Editor's note: This story is the first of a three-part series looking at the state of Colorado's efforts to get rural households connected to high-speed internet.
NORWOOD- People living in the small farming town of Norwood have done some strange things to stay connected to the internet.
For example, librarian Carrie Andrew said the security cameras at the library once captured a young man arrive on his bicycle after hours to utilize the building's blazing fast Wi-Fi.
"The mosquitoes are so bad that he's riding in circles while he's using his phone so the mosquitos won't bite him," Andrew said. "But he was in our parking lot for 30 minutes using our internet because he didn't have access to it anywhere else."
The people trying to change this situation have also found themselves going around in circles sometimes. Erika Lapsys works for the Telluride Foundation, a non-profit that has spent years trying to expand broadband to the rural parts of San Miguel County.
The easiest way to get broadband to Norwood residents would have involved sending the signal through a piece of fiber optic cable that was already buried years ago between the towns of Nucla, Norwood and Telluride.
But some landowners along the route declined to give their permission for a variety of reasons. Lapsys said she couldn't track some of them down to ask them for the easement. And others who did answer the phone demanded a significant amount of money.
"I had a guy, one of the California guys who doesn't come out here very often, who said you can pay me $400 a month for 10 years," Lapsys said. "And I said 'where did you get that number from?' And he said 'well that's what I think it's worth.' Well we're going to go back and forth because I don't think it's worth that."
But Lapsys was still determined to find a workaround. So, the Telluride Foundation and other broadband advocates secured a $760,000 grant from the state and federal governments to build a new fiber optic line around the landowners who wouldn't give their blessing.
After four years of work, the section between Nucla and Norwood is just now being completed.
"Could that money have gone to other places that didn't have existing assets? Probably," she said. "I like to think they gave us the grant because we needed it. Because without it we were stuck."
Now, Lapsys is still trying to convince landowners on the final stretch of the fiber route to Telluride to give their blessing so they won't have to build another costly workaround.
"People want to live here for a number of different reasons, and it's not fair to say well there's no broadband, it's not worth it, you can just leave," Lapsys said. "People have generations who have lived here. And to tell someone that it's not worth it to improve the quality of their living because it's too expensive or it's too hard, it's just not fair."
What's at stake
Stop into the Lone Cone Library in Norwood, and it's easy to see what Lapsys is fighting for.
Thanks to the recent arrival of the fiber, the library just got connected to Clearnetworx, a broadband service that is significantly faster than residents have been able to get. In the computer room, residents are taking advantage of this new service to look up recipes, do homework and catch up on the news.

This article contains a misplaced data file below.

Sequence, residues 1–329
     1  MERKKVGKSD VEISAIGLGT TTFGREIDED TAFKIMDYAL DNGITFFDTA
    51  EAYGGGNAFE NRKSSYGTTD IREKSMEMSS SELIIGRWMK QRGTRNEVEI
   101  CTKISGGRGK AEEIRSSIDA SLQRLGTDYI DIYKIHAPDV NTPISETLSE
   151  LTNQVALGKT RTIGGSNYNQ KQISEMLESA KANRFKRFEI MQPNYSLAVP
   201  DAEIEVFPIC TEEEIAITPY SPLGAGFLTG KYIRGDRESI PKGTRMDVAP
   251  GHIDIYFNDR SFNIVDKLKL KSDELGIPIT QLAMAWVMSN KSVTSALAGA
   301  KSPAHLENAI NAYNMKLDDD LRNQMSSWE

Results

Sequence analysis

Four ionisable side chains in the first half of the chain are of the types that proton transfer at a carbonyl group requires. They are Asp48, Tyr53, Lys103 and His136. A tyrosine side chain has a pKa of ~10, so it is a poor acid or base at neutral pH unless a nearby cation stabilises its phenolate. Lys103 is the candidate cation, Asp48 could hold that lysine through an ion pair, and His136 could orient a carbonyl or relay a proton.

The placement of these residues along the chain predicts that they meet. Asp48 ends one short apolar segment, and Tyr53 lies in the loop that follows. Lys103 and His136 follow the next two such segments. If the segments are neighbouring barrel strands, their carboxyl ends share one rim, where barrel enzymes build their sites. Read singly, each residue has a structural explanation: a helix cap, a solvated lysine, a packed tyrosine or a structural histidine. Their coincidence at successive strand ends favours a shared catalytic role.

"I've kind of always felt like Norwood is the ugly stepsister in San Miguel County, but now we're like 'look at us we've got a beautiful brand new library with all this technology and we're really grateful," librarian Megan Coxwell says as she gives a tour of the new building.
She said the new connection will allow more Norwood residents to stay in town and not look for jobs, and better connections, elsewhere.
"We can do whatever you need to do from this tiny little town," she says as she shows off a new room where residents can hold video conferences. "You don't have to leave. Which is nice for a lot of us who don't want to drive 40 miles or 120 miles to get somewhere else."
After first reaching the library, the new fiber connection will soon reach households in Norwood. But some residents in San Miguel County are still being left behind.
Drew and Grant Doorn are trying to make fly fishing apparel look, well, cooler. Their fishing apparel shop in the tiny town of Placerville is full of colorful hats and custom printed tee shirts.
"We're seeing a little bit of the retro 90s stuff becoming a trend this summer," Drew Doorn said.
After finding success at the farmer's market in Steamboat Springs, they took their business to a building that used to be an old train station just outside of Telluride. But they have one big problem.
"We use the line of site microwave internet, which tends to be really spotty," Grant Doorn said. "It really impacts our business in a negative way because sometimes if the internet goes down for a long period of time, we can't print orders. We can't ship orders. So a lot of times we're just dead in the water when the internet goes down."
All of the cities and towns around them are getting connected. But for now, they're still waiting for someone to take on the challenge of bringing them high-speed internet.
"We'd love to get fiber," Grant Doorn said. "We keep hearing rumors of fiber coming, but now I think they're going to bypass us in the canyon and go straight to Telluride, which is a bummer because it's really going to hinder the growth of Placerville."
Capitol Coverage is a collaborative public policy reporting project, providing news and analysis to communities across Colorado for more than a decade. Eleven public radio stations participate in Capitol Coverage from throughout Colorado.